After the first three weeks of July began generally sunny and warm-to-hot, things changed in a hurry on July 23rd as a potent storm rolled through Western Washington, bringing a record amount of rainfall to the Puget Sound region.
Here are some of the statistics from the storm:
0.76": The amount of rain that fell at Seattle's Sea-Tac Airport on Wednesday. That broke the daily record rainfall for July 23 of 0.54", set in 1949. Technically the storm total was 0.77" -- 0.01" fell just before the day began. Some places went over an inch, including Everett.
0.70": The average monthly rainfall for July. Only took one day to reach it!
4: The place on the all-time wettest July day chart Wednesday now sits. 0.85" was the record set in 1981. There was 0.81" in 1995 and 0.80" in 1997.
23: The number of consecutive dry days we had before it rained -- that streak actually ended on Tuesday, it was the 0.01" mentioned above that fell just before midnight PST. That's not an unusually long streak and is nowhere near even the Top 10 driest stretches (51 is the record.)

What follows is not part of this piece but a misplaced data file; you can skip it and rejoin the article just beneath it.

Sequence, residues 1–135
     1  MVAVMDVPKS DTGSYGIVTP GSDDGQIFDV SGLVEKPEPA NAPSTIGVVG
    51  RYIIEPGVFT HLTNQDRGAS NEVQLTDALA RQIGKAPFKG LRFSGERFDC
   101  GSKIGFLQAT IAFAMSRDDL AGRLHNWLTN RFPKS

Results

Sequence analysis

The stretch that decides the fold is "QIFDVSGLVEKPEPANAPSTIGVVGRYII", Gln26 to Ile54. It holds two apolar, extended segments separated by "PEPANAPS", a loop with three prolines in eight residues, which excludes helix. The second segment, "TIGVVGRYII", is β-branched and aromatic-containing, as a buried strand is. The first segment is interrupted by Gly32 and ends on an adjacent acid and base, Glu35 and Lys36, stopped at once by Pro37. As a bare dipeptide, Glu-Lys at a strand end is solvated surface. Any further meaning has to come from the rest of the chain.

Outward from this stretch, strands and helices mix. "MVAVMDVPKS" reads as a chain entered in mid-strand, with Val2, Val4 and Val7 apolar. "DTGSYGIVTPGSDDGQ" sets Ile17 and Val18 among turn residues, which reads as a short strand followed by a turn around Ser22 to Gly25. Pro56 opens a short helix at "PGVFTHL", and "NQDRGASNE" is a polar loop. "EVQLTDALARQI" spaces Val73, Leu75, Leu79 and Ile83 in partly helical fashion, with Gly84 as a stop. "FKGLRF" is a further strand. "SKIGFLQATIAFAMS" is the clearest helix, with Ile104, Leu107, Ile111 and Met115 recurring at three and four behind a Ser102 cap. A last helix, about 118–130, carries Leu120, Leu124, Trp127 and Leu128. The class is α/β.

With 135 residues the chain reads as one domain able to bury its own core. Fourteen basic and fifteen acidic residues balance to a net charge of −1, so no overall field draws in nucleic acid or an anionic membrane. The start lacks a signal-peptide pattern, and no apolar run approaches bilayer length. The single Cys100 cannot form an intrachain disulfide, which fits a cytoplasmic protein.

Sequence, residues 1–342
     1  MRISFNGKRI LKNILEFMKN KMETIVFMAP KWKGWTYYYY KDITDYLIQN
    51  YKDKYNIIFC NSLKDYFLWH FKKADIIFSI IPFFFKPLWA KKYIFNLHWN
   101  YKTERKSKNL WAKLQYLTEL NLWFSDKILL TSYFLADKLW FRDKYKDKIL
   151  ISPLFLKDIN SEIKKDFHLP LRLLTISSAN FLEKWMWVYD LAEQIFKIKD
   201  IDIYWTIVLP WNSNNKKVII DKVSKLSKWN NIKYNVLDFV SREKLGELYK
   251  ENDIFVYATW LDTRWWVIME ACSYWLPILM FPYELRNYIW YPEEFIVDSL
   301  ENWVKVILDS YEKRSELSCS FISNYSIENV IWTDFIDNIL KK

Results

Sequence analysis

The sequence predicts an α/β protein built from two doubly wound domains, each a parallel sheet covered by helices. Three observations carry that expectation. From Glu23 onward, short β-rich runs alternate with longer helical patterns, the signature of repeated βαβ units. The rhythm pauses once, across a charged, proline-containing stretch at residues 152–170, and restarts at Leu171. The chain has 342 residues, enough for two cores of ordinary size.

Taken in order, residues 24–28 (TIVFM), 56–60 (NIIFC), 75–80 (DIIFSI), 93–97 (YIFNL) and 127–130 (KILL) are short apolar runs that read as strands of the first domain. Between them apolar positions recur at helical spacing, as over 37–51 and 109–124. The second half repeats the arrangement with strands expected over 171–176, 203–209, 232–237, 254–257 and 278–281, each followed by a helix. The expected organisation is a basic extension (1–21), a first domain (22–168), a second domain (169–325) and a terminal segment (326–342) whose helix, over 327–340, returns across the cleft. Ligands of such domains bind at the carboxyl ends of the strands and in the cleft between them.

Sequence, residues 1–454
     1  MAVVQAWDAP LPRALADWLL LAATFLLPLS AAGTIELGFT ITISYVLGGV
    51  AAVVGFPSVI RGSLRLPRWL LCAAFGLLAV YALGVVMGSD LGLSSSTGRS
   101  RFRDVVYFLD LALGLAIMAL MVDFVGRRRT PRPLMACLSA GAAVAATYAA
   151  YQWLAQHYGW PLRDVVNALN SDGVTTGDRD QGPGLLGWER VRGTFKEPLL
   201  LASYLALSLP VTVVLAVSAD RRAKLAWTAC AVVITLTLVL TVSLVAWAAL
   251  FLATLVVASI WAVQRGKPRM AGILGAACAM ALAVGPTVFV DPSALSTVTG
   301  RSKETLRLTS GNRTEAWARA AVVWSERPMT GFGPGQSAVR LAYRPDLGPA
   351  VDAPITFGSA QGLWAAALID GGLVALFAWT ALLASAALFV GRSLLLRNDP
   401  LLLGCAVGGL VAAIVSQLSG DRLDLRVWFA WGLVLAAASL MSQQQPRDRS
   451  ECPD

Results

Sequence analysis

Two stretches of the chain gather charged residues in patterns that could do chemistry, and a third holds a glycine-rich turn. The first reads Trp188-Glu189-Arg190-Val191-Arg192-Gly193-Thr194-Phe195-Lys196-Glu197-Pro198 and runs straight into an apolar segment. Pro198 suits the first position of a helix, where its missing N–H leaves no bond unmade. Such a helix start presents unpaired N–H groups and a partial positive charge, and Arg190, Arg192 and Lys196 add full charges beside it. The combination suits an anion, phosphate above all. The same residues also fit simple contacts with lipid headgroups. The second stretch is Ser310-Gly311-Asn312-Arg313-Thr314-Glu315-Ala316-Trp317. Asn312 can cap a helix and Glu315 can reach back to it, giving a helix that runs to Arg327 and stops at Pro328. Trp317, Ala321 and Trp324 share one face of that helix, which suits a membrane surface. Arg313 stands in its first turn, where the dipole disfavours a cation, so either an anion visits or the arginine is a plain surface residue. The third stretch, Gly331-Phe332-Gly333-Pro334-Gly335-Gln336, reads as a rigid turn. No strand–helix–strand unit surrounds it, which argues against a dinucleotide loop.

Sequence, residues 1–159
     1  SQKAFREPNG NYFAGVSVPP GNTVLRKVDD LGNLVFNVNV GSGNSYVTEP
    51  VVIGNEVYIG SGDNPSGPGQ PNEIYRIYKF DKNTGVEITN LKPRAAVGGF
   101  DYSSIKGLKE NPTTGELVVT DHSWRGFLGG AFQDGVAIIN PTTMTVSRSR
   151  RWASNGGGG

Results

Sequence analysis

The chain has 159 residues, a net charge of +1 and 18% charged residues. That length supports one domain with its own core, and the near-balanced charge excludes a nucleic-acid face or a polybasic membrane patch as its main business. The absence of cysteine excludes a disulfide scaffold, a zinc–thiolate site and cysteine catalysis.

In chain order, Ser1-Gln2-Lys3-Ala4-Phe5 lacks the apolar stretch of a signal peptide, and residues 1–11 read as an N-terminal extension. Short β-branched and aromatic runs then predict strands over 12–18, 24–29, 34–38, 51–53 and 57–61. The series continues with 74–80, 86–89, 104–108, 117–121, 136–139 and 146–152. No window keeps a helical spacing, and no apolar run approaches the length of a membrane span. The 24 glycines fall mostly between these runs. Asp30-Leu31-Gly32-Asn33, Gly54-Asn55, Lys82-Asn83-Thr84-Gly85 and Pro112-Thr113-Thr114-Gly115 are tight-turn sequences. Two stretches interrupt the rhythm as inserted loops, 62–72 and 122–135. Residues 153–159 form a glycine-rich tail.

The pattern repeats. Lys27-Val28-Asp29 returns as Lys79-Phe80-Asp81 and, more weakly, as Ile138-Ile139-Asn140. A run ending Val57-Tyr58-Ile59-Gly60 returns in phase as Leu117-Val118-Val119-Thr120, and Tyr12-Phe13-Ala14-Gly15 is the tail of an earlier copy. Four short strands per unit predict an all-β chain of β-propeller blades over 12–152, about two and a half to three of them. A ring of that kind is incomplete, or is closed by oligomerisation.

61: The number of consecutive days in July we had gone dry before Tuesday. Before then, the last July rain was on July 22, 2012. We went all of July 2013 dry.
14: The number of times it's now rained on July 23 in the past 122 years. We're now into the statistical driest time of the year (why SeaFair is held around this time) and most dates the last week of July and first week of August have only had rain about 9-13 times since 1892. July 30 and Aug. 4 tie for the driest day of the year at 9 instances with rain.
683 : The number of cloud-to-ground lightning strikes reported between Lewis County and the Canadian Border between midnight and 11 a.m.
0.01": The amount of rain that fell in Port Angeles Wednesday. With southerly flow in place through the day, the northern Olympic Peninsula had a big rain shadow that kept the area mainly dry despite the drenchings just to the west and east of there.
24.38": How much rain Seattle has received since February. It was already the wettest Feb.-July on record even without any July rainfall, but now that we have some, we've already set the wettest February-August period on record as well.